Paul Marks is recognized as a leader in the cancer field and as a world-class scientist, clinician, and administrator. He served as president and CEO of Memorial Sloan-Kettering Cancer Center (MSKCC) between 1980 and 1999 after serving as the dean (1970–1973) and vice president for Medical Sciences (1973–1980) of the Columbia University College of Physicians and Surgeons (P&S). Marks led the discovery, testing, and recent approval of SAHA (suberoylanilide hydroxamic acid), the treatment for cutaneous T-cell lymphoma. SAHA and other histone deacetylase (HDAC) inhibitors are now undergoing trials for a broad array of cancers.
Dr. Jean Wilson from the University of Texas Southwestern Medical School joins the JCI for its series Conversations with Giants in Medicine. Dr. Wilson was the editor in chief of the JCI between 1972 and 1977. His research centered on cholesterol metabolism and steroid hormone action, laid the groundwork for understanding male/female genital development, and led to the first medical therapy for benign prostatic hyperplasia (BPH).
Donald Seldin from The University of Texas Southwestern Medical School joins the JCI for its Conversations with Giants in Medicine. Seldin served as the chairman of medicine at UT Southwestern for nearly four decades and transformed the department and the school from a grouping of ramshackle army barracks to a world-class medical center, host to Nobel Laureates and members of the national academies. He was also a major figure in the emergence of nephrology as a legitimate discipline, and in this role he was one of the founders of the American Society of Nephrology and served as its second president. Among his many attributes, Seldin has been described as one of the most magnetic and charismatic mentors academic medicine has encountered.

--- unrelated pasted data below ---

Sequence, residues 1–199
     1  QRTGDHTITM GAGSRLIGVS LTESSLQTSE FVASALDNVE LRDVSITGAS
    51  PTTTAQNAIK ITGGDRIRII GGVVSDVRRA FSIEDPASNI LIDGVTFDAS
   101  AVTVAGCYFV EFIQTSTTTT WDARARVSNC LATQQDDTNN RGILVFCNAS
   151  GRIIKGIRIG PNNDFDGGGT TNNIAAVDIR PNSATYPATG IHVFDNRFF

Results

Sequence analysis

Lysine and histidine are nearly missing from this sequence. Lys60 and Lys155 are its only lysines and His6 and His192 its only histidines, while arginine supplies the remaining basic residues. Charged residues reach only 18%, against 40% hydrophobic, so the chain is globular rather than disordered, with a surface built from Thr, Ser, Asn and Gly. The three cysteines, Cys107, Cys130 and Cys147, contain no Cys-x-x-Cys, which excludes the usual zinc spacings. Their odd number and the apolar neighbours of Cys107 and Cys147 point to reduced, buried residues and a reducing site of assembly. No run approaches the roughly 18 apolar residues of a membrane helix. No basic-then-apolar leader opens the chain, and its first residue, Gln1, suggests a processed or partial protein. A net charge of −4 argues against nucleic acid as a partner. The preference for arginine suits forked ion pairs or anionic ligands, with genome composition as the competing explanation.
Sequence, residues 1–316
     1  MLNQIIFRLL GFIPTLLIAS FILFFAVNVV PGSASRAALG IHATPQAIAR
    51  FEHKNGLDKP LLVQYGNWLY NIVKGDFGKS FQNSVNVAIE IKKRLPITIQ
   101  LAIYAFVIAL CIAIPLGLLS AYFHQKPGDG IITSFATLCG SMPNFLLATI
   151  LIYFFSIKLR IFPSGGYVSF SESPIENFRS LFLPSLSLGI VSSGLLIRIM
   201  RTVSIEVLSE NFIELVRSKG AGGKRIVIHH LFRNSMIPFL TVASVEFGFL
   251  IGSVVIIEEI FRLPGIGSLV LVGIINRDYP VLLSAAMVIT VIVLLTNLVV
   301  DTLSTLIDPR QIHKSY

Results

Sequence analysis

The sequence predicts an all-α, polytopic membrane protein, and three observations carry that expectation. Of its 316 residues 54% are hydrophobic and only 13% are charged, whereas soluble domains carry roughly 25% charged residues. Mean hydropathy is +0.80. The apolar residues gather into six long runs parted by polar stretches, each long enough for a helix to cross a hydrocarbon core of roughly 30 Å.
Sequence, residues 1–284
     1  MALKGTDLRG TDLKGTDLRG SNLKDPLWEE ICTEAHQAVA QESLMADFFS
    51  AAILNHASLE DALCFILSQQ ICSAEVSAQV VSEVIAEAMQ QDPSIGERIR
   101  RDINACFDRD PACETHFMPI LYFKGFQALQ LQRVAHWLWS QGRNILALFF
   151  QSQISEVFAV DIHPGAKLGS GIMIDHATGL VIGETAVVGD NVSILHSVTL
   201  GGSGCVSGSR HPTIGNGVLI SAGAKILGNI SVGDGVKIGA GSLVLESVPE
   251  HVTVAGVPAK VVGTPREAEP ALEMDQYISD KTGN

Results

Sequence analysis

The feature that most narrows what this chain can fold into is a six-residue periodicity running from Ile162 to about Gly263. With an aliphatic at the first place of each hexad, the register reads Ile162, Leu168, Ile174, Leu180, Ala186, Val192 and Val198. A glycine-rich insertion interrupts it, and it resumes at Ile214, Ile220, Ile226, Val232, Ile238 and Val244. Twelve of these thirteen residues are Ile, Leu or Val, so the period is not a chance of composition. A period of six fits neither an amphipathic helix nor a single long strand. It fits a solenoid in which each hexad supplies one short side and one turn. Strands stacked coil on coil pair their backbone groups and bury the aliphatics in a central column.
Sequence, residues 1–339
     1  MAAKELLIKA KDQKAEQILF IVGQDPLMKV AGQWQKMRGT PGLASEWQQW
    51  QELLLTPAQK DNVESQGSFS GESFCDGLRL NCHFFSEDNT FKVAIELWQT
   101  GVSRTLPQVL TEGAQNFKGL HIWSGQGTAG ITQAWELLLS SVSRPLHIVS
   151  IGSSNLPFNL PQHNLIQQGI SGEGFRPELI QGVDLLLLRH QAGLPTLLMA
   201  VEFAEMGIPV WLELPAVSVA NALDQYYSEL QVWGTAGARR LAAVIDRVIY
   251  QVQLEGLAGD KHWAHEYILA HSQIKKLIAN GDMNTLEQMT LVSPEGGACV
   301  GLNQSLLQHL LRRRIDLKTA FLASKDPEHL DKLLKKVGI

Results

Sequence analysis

Dr. Tadataka “Tachi” Yamada joins us for our next Conversations with Giants in Medicine. Born in Japan and trained in the United States as a gastroenterologist, he quickly rose to be the chairman of the Department of Internal Medicine at the University of Michigan. He moved to industry and eventually became the Chairman of Research and Development for GlaxoSmithKline. In the next step in his interesting career, he took on the presidency of the Bill and Melinda Gates Foundation Global Health Program. In this capacity, he oversaw over $9,000,000,000 in programs directed at addressing health challenges of the developing world. In 2011, Dr. Yamada moved on to become the Chief Medical and Scientific Officer (CMSO) and Executive Vice President of Takeda Pharmaceuticals.
Known to most of his friends as Holly, Dr. Lloyd Hollingsworth Smith Jr. joins Ushma Neill, JCI Editor at Large, for the next in the journal's series Conversations with Giants in Medicine. He talks about leading the University of California, San Francisco, Department of Medicine as its Chairman for 21 years. During his tenure, Dr. Smith transformed the department into the preeminent West Coast medical school with the highest standards in patient care, teaching, and research. He talks about his early days training in Boston, and about his experiences getting the first artificial kidney to work, both in the hospital and in the Korean War.